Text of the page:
Anyone who followed the saga of Japan’s journey through both the COVID plague and the country’s disastrous efforts to host the Olympic Games is probably already aware that many restrictions were placed on both citizens and visitors while the Delta variant spread across their islands. The nation’s initial efforts in June and July to establish mass vaccination centers failed repeatedly due to both a problem in obtaining a sufficient number of doses and logistical nightmares encountered in trying to vaccinate such a widely distributed population. This led to the political impacts on the career of Prime Minister Yoshihide Suga and even worse physical impacts on a population with a huge number of elderly people. But now that the spotlight of the games has moved on and the vaccination program has continued to roll out, the country is preparing to lift most of the remaining COVID restrictions this week. So are they out of the woods? (Associated Press)
Japan is set to lift all coronavirus emergency measures when they expire later this week as the infections slow and the nation tries to reactivate its economy.
Officials in charge of coronavirus measures sought advice from experts at a meeting Tuesday, with some experts favoring a partial easing of restrictions first. Prime Minister Yoshihide Suga is expected to announce a lifting of the emergency and subsequent plans later Tuesday.
If all measures are lifted, Japan will be entirely free of any emergency requirement for the first time since April. Government officials are preparing for the relaxed restrictions by instituting other plans such as vaccine passports and virus tests.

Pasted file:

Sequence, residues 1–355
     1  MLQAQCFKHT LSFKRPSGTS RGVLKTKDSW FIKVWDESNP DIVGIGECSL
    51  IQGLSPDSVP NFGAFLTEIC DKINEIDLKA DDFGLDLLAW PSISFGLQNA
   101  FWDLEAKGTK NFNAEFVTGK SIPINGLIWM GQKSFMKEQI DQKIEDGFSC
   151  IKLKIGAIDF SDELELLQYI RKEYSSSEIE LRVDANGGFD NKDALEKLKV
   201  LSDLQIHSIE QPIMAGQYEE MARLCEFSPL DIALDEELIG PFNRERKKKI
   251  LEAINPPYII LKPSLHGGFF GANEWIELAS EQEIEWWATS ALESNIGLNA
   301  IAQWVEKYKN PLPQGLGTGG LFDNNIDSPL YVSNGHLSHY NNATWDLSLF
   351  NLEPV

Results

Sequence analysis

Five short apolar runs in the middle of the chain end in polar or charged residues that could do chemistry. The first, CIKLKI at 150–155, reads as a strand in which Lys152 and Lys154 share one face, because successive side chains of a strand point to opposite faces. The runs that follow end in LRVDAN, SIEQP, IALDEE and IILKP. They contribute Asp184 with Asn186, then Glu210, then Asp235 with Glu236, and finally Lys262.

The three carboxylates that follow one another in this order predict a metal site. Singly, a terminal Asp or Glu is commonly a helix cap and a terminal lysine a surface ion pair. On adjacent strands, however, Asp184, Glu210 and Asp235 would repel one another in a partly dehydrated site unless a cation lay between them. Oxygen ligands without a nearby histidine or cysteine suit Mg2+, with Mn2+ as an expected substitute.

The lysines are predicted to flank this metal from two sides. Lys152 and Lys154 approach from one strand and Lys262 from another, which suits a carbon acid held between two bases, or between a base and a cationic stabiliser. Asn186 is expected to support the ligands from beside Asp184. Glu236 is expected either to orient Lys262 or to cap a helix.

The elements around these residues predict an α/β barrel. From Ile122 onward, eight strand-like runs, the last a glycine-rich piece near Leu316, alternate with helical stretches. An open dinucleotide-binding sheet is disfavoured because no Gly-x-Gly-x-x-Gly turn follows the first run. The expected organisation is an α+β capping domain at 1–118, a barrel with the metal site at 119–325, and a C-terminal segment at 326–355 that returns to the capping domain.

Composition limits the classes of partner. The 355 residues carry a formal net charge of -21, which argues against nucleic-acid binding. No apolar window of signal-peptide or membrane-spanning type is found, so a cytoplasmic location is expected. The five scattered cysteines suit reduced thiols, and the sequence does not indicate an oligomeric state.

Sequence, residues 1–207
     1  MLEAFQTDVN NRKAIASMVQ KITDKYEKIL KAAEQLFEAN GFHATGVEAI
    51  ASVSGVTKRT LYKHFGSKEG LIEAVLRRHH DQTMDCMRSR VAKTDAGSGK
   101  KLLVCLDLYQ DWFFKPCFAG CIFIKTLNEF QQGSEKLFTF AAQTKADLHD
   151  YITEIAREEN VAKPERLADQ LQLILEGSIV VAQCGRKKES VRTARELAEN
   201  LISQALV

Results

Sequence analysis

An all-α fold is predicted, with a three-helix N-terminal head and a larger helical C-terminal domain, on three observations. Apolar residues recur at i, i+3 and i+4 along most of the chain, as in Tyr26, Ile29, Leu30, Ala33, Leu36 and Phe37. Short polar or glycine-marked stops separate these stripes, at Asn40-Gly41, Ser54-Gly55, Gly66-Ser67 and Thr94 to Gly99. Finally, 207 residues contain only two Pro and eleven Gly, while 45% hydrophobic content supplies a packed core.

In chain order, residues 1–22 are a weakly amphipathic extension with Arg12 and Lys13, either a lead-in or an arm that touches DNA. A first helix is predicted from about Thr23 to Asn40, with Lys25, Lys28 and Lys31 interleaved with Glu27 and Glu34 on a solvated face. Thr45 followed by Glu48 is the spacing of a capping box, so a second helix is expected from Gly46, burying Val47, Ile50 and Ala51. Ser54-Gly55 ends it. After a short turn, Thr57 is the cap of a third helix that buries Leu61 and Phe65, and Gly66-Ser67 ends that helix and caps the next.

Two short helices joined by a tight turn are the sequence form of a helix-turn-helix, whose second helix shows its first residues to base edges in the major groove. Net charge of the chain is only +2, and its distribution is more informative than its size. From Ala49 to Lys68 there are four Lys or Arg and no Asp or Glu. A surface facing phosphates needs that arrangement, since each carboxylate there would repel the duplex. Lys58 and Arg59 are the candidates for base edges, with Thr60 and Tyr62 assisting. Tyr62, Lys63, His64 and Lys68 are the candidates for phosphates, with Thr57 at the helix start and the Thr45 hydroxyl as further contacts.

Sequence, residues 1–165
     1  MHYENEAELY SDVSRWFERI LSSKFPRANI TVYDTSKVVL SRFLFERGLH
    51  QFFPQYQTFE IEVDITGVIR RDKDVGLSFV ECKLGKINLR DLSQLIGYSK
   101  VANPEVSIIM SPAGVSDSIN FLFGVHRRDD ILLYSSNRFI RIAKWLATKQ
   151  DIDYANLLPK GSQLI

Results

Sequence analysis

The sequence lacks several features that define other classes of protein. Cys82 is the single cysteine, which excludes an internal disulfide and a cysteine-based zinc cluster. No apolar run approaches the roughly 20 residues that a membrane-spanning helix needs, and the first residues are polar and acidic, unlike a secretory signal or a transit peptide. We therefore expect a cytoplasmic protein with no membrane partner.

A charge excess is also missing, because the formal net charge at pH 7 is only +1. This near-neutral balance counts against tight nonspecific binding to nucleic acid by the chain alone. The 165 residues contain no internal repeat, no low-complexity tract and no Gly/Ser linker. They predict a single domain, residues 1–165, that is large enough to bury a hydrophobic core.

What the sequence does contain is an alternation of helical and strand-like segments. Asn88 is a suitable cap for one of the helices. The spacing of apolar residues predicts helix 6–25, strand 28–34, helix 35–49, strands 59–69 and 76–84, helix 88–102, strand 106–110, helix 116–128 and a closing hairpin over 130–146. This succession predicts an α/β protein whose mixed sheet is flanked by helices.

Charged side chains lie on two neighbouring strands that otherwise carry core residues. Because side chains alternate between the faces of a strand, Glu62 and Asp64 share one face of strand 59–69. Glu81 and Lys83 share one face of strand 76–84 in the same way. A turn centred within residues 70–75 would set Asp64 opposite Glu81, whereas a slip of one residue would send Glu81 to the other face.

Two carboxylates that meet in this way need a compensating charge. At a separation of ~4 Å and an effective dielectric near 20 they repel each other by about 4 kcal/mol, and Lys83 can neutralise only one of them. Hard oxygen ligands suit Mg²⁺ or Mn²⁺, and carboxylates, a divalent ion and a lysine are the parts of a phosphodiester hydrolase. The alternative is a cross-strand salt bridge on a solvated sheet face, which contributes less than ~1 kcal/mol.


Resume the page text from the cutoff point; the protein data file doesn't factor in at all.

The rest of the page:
All of this is being done just as Prime Minister Suga is packing up his things. He will be replaced later this week, after his standing, even among his own party, took a beating following his decision to press forward with the games. He continues to insist that the games weren’t a superspreader event, but few seem to agree with him. His popularity plummeted as a result and now the party will be choosing someone to put this period of discontent behind them.
Not all of the restrictions are going away, however. The national order is more of an advisory, while the leaders of the various prefectures will continue to make their own policies. Most are pushing for a gradual lifting of restrictions. For example, most bars and restaurants are operating on significantly restricted hours. Rather than returning to normal all at once, the majority will slowly expand their operating hours while waiting to see if their COVID numbers go back up.
At the national level, the last sentence of the quoted excerpt above gives a hint as to how little the “new normal” will look like the old normal. Continued, mandatory COVID testing will remain the order of the day for the foreseeable future. And yes, Japan is already looking at instituting immunity passports. Of course, the Japanese aren’t accustomed to the same level of freedom from government control that Americans are and seem to have quickly bent a knee to all of the current restrictions. But still, life in Japan has probably changed in significant ways for a very long time to come. And visitors to that nation should probably be aware of that and tailor their travel plans accordingly.